Prerequisite: permission of the department.

Linear Algebra is a wonderful field of mathematics: it lives squarely in that sweet spot where beauty and “extreme usefulness” overlap. The subject begins with a deep exploration of strategies for solving systems of linear equations, moving to the powerful realm of vectors, vector spaces, and linear transformations. Applied linear algebra empowers much of modern computational sciences such as Google’s famed PageRank algorithm, computer graphics and animations, and Computerized Axial Tomography (as in CAT scans). This class will provide a balance of theory and application and computation.

Fall Semester Courses

Discrete Mathematics I

Grades: 11-12

Discrete Mathematics is a contemporary branch of mathematics that focuses on various problems, topics, and algorithms that often have whole-number outcomes. Topics are grounded in real applications. This course focuses on the mathematical perspective of fairness, value, and individual perception. Students will study a wide variety of voting methods and examine “fair division” algorithms through the lens of entitlement and estates, apportionment, and an array of continuous cases.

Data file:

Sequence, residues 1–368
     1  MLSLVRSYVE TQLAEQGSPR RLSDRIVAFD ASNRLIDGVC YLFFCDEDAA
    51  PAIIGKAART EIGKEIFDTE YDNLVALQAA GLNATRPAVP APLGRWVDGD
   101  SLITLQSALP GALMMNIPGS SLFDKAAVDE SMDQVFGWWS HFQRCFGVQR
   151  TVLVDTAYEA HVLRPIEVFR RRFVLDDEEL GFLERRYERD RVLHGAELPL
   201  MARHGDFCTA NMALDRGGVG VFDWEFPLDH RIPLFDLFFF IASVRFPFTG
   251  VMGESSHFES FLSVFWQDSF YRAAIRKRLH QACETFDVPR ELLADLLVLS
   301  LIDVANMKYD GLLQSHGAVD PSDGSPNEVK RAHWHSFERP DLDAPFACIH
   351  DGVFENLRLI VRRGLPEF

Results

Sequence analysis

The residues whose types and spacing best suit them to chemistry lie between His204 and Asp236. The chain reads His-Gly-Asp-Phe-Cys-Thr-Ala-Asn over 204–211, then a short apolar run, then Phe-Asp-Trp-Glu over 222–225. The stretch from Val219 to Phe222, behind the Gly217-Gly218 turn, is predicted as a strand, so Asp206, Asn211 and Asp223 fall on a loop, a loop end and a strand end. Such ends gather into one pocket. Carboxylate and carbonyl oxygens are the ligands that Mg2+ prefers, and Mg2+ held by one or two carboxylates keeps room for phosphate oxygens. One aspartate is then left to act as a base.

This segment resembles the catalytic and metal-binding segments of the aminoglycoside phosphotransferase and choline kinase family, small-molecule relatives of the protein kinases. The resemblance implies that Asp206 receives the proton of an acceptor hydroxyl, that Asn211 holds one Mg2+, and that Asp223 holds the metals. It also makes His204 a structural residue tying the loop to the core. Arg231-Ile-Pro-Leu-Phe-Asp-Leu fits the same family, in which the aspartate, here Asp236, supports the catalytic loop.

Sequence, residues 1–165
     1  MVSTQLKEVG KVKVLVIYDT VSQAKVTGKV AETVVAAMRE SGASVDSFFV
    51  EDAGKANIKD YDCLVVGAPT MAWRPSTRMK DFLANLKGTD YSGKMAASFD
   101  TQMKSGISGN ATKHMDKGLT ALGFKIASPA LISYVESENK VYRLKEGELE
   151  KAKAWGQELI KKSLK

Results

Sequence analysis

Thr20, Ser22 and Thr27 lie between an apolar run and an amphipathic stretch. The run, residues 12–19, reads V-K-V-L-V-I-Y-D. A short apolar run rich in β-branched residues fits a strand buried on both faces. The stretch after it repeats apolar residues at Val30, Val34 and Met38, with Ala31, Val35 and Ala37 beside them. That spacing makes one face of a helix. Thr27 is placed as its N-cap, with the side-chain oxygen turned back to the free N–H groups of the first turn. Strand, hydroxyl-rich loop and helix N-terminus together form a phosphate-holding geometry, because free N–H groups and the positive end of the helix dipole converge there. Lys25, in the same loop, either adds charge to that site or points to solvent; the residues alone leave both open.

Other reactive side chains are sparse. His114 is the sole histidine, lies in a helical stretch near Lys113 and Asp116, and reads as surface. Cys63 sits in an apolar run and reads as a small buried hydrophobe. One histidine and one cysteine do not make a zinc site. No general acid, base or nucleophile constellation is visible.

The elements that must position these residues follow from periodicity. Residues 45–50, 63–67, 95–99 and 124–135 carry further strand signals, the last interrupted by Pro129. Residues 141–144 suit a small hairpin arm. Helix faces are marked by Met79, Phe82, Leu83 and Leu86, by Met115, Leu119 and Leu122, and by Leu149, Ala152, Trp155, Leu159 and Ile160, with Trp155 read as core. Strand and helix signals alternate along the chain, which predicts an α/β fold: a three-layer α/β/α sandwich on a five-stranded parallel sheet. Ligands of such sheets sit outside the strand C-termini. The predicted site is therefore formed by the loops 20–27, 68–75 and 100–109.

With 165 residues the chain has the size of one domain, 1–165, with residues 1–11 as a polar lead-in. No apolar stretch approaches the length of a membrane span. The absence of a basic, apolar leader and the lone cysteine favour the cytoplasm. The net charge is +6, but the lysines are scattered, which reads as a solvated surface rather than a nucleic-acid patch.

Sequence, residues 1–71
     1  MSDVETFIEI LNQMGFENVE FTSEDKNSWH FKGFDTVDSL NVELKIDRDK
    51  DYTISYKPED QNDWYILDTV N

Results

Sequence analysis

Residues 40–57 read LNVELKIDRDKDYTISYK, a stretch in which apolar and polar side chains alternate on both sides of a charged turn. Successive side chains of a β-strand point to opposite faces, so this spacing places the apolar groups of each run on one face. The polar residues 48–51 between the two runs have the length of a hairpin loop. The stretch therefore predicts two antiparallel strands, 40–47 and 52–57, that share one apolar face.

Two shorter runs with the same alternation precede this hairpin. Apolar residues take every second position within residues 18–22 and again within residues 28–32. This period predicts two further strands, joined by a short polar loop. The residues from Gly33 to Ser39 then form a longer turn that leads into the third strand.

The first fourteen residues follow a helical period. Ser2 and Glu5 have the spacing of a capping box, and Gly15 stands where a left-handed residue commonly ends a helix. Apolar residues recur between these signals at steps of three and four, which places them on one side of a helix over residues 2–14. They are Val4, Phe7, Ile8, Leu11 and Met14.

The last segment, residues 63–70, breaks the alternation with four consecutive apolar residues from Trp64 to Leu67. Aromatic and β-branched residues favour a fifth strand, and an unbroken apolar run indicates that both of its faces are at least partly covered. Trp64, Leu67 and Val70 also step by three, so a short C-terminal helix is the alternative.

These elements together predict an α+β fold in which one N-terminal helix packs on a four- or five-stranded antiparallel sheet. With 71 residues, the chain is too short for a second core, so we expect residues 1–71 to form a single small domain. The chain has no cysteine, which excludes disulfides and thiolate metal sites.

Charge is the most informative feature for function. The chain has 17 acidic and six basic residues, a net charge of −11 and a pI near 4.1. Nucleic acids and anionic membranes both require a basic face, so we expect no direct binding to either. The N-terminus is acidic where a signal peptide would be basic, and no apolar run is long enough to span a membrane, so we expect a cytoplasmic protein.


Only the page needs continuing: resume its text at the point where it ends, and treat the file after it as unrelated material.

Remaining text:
Functions and Calculus I

Grade: 12

Prerequisite:  Math 10-1, 11-2, or permission of the current mathematics teacher.

Students begin by considering the “tangent line problem” and go on to study limits and develop a definition of the derivative, eventually applying derivative to real-life problems. Along the way, they examine polynomial and rational functions, using the language and techniques of calculus to help understand the graphs of these functions.